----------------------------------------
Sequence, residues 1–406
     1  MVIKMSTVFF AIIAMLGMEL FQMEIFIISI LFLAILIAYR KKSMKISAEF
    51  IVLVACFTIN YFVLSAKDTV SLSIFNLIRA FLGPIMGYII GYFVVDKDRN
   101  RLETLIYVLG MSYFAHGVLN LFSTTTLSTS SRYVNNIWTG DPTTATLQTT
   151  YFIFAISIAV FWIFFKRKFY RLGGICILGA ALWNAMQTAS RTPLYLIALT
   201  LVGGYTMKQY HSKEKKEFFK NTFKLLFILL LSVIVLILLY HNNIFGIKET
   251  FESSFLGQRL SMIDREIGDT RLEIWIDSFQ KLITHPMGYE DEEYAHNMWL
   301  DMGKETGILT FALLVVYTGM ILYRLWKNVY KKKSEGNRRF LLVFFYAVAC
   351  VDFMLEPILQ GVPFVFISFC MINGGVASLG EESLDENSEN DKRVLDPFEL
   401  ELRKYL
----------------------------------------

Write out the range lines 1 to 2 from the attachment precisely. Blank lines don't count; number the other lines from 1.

Sequence, residues 1–406
     1  MVIKMSTVFF AIIAMLGMEL FQMEIFIISI LFLAILIAYR KKSMKISAEF